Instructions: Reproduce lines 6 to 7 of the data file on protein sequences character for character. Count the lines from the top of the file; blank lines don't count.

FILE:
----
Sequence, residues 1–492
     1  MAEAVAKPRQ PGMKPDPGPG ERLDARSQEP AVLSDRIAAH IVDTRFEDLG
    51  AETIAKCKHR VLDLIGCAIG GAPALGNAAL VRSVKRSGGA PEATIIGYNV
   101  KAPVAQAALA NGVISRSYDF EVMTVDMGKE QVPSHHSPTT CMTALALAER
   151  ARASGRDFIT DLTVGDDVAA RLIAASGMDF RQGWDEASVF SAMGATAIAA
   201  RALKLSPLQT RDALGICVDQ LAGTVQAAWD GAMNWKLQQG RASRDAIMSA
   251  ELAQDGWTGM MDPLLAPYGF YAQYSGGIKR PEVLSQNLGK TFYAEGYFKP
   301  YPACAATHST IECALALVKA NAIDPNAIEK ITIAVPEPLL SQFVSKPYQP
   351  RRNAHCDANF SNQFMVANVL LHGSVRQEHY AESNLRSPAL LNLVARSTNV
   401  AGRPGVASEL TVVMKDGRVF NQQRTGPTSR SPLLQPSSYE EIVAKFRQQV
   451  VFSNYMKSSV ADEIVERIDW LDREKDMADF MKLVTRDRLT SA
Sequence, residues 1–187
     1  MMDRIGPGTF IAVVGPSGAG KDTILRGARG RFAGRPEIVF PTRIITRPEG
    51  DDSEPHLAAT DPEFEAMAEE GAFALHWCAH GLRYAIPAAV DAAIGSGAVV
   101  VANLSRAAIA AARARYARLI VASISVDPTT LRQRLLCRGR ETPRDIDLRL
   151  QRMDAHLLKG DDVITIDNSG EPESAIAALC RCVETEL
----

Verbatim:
   201  RALKLSPLQT RDALGICVDQ LAGTVQAAWD GAMNWKLQQG RASRDAIMSA
   251  ELAQDGWTGM MDPLLAPYGF YAQYSGGIKR PEVLSQNLGK TFYAEGYFKP